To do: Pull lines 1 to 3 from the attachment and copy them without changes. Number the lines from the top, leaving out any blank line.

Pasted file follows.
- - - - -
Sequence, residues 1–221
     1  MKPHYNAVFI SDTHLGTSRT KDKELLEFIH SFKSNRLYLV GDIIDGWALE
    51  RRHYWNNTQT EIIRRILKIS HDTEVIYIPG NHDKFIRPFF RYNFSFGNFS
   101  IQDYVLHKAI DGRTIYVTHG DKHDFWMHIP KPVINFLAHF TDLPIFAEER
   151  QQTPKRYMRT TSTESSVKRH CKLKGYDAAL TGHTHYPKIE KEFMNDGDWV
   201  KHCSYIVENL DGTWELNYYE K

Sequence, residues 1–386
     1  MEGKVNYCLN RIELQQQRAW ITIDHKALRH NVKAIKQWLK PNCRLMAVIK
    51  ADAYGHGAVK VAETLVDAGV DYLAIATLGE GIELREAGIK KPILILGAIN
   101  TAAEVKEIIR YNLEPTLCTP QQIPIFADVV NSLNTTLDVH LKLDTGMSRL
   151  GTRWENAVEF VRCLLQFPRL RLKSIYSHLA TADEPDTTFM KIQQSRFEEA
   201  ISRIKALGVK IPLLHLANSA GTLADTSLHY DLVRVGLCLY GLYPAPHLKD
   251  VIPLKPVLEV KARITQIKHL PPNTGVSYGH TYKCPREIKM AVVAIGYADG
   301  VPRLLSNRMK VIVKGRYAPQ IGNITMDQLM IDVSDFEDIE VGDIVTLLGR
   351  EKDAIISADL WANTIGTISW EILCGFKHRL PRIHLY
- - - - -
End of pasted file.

Sequence, residues 1–221
     1  MKPHYNAVFI SDTHLGTSRT KDKELLEFIH SFKSNRLYLV GDIIDGWALE
    51  RRHYWNNTQT EIIRRILKIS HDTEVIYIPG NHDKFIRPFF RYNFSFGNFS